Sparsely populated Moloka'i is the last surviving piece of the old rural Hawaii. It exists in a kind of time warp: no packaged Hawaiiana, no high-rises, and more farmers than tourists - and locals are fighting to keep it that way, protesting, picketing and raising hell against the Moloka'i Master Plan, which is eyeing beguiling La'ua Point for luxury homes.
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This oceanfront hotel features expansive grounds that lead to the beach and dramatic views of Lana'i and the Kaloko'eli fishpond.
Purdy's Macadamia Nut FarmPurdy's Macadamia Nut Farm is the best in all of Hawaii. Tuddie Purdy takes you into his orchard and personally explains how the nuts grow. Purdy's 1.5 acres of mature trees are nearly 75 years old and grow without pesticides, herbicides, or fertilizer. Everything is done in quaint Moloka'i style: you can crack open macadamia nuts on a stone with a hammer, and sample macadamia blossom honey scooped up with slices of fresh coconut.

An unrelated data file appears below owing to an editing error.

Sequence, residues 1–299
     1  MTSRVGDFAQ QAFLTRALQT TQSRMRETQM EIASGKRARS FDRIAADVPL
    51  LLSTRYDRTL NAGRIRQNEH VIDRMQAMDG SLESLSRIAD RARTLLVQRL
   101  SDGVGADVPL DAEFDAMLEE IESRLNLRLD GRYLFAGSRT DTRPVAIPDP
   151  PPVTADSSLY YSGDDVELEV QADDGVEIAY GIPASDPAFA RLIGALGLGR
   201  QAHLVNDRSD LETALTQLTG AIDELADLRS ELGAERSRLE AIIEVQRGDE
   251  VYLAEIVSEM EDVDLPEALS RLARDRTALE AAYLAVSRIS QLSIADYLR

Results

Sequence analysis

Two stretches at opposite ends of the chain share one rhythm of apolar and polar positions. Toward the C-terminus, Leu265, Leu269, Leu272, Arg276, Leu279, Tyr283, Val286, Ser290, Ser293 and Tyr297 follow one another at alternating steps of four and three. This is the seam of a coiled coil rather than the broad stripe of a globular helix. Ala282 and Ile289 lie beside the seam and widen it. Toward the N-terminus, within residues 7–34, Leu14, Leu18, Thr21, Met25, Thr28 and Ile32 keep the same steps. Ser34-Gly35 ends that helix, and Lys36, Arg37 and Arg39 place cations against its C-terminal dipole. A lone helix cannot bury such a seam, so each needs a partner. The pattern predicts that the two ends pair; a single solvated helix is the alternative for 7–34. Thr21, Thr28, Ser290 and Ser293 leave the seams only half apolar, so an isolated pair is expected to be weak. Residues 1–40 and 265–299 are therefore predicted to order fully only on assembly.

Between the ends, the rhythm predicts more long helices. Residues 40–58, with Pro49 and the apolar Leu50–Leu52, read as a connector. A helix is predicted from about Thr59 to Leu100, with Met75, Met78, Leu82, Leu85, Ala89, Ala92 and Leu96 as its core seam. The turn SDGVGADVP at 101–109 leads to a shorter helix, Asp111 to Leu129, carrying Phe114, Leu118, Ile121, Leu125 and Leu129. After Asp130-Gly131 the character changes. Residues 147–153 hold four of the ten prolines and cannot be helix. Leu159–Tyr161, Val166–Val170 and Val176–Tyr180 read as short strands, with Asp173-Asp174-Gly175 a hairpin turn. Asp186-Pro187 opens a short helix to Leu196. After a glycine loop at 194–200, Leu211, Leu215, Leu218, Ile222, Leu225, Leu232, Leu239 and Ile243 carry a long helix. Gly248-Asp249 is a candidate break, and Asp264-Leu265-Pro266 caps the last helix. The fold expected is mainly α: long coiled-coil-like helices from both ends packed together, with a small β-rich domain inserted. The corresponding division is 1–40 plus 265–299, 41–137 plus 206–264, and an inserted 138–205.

Kaunakakai WharfThe days when pineapple was loaded from Kaunakakai Wharf are gone, but the harbor still hums with activity. A commercial interisland barge chugs in, skippers unload catches of mahimahi(white-fleshed fish), and a buff guy paddles his outrigger canoe. At dusk, the scene becomes sun-kissed. A roped-off area with a floating dock provides a small kiddie swim area.Kalaupapa OverlookThe Kalaupapa Overlook provides a scenic overview of the Kalaupapa Peninsula from the edge of a 1600ft cliff. Because of the angle of the sun, the best light for photography is usually from late morning to mid-afternoon. Interpretive plaques identify significant landmarks below and explain Kalaupapa's history as a leprosy colony.
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